At its recent meeting, the Metrolinx Board approved a GO Transit fare increase taking effect February 1, 2015.
A separate, but important topic, and one noticeably absent from the meeting agenda, is the question of regional fare integration. Another related matter is the relative roles of GO as a regional operator and the TTC as a local one to accommodate demand to the core area. The hybrid SmartTrack proposal is a bit of both — a GO Transit corridor running with station spacings more like a subway in spots, but at TTC fares.
The problem has always been that GO simply does not regard itself, or at least not until quite recently, as having a role as part of a unified network. Critically, the fare structure is rigged against short distance trips, and this has been getting progressively worse for a decade.
We hear all about a “fare by distance” system, but in fact, GO fares for short trips have consistently risen at a greater percentage rate than for long ones. Here are the last decade’s worth of fare increase.
|Date||Fare Range||Fare Increase|
|2012||$4.20 to $5.50||$0.30|
|$5.51 to $7.00||$0.35|
|2013||$4.50 to $5.80||$0.35|
|$5.81 to $7.35||$0.45|
|2014||$4.85 to $6.15||$0.35|
|$6.16 to $7.80||$0.45|
|2015||$0.00 to $5.20||$0.10|
|$5.21 to $6.50||$0.35|
|$6.51 to $8.25||$0.45|
Until 2012, fare increases were a fixed amount across all trips regardless of their length and cost. If the formula, as claimed by Metrolinx, is that the fare is made up of a fixed component and a distance one, then a flat increase changes only the fixed component and distance becomes less important. Fares for short trips go up, as a percentage of their value, more than fares for long ones.
Starting in 2012, a tiered increase was adopted so that higher fares would see a larger jump, but the implementation contained a basic flaw. The “top tier” is open ended, and includes fares where the percentage increase is much lower than the claimed system average (which for 2015 is 5%).
Even with “tiered” increases, the effect is that fares for the longest trips are rising much slower than for short ones, and this progressively makes short trips less attractive to riders (never mind the basic problem of just finding space on a train).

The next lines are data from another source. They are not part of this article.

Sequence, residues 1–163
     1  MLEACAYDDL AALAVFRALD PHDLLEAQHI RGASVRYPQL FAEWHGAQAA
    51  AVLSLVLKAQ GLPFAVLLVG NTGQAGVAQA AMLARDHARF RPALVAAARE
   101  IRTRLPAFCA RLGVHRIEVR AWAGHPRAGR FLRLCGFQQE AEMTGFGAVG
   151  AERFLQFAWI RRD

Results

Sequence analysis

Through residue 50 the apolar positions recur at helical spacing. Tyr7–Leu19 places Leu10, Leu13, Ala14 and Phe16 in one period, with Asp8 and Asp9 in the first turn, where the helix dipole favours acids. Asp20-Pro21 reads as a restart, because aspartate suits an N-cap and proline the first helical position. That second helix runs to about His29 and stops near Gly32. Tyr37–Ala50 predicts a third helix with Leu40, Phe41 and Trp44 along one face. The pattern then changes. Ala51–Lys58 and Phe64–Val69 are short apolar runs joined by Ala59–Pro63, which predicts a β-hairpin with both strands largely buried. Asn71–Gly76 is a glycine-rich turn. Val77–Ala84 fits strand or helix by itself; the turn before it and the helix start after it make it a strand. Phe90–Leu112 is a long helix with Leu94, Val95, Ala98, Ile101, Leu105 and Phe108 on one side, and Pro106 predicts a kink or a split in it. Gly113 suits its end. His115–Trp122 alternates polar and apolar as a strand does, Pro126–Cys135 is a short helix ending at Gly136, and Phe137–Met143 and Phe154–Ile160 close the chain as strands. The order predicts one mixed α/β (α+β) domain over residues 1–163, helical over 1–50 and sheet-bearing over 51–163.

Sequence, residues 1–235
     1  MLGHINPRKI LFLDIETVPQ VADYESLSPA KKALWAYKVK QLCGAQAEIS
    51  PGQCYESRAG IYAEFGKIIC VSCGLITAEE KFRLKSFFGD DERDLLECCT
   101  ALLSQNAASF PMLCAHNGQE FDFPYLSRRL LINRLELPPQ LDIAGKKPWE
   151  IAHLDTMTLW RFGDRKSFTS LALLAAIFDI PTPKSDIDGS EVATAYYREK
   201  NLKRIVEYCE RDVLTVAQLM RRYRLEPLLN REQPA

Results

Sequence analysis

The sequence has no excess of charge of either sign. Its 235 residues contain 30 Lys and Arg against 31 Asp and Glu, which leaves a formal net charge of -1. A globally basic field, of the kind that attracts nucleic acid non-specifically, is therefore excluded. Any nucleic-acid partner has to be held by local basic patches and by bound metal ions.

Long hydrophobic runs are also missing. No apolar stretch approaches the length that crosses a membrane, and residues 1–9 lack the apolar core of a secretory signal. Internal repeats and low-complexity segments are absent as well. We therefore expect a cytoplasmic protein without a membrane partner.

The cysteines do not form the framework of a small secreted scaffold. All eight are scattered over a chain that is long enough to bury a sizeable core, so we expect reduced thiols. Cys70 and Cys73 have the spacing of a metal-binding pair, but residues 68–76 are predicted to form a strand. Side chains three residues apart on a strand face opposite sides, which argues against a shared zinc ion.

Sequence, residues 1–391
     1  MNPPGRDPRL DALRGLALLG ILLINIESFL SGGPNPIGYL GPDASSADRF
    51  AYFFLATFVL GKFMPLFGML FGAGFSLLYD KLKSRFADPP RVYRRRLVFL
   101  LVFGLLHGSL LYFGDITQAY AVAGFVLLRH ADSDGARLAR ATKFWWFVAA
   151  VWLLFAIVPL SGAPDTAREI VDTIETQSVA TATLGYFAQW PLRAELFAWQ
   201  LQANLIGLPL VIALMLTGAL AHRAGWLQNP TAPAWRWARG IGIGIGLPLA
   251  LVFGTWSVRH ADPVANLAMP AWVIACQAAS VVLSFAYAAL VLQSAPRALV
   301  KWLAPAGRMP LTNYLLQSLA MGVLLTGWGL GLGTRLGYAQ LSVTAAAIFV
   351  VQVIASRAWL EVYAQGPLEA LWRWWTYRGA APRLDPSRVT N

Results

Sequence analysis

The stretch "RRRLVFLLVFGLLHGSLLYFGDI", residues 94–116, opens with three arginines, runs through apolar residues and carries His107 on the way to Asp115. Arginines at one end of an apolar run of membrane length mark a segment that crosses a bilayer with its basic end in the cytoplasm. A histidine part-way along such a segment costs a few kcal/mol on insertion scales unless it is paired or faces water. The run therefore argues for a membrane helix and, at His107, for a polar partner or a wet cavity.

The difference in the increases is quite striking depending on which “tier” of fares we look at. (In this table the “2014″ fare is the starting point. Equivalent fares for 2011 and 2003 are obtained by working backwards through previous fare changes. The 2015 fare is based on the recently approved change.)
|2003 Fare||2011 Fare||2011:2003||2014 Fare||2014:2003||2015 Fare||2015:2003|
Because the fare increases from 2003 to 2011 were a flat amount, the effect was to raise all fares by $1.15 regardless of the base fare. The result was that short trips (with 2014 fares at the $5 level) went up 40% while long trips (2014 fare of $15) went up only 9% during this period. The situation is even more beneficial for trips with 2014 fares over $15.
With the introduction of tiered increments, the problem was not quite so bad, especially for those in the very bottom tier (represented within Toronto only by Exhibition and Bloor Stations), but there is a long-standing inequity from the many years of low increases for long haul trips. Moreover, the highest increment for 2015, $0.50, is 5% of a $10 fare, but many fares are substantially higher and therefore receive a lower percentage increase.
The cumulative effect is that long distance GO riders have seen much lower increases in fares over past years, and this is showing no sign of stopping if Metrolinx continues its pattern of fare changes. At the same time, the short trip fare has gone up quite substantially. In 2003, the cost of an adult TTC token was $1.90, and today it is $2.70, an increase of 42%. During the same period, the cost of a short-haul GO fare has gone up by almost double this rate. Why are higher TTC fares attacked as a mark of profligate management and runaway labour settlements, while the skew in GO fares is unchallenged?
Any move to “integrate” GO services into the TTC network must address this inbalance. The following chart shows dramatically how the percentage increase in fares has penalized short-haul trips.
The “2015:2010″ ratio shows the effect of the introduction of tiered price hikes with the value of the ratio staying in a band between 20-30%. However, once the 2014 fare goes above $9, the curve turns downward.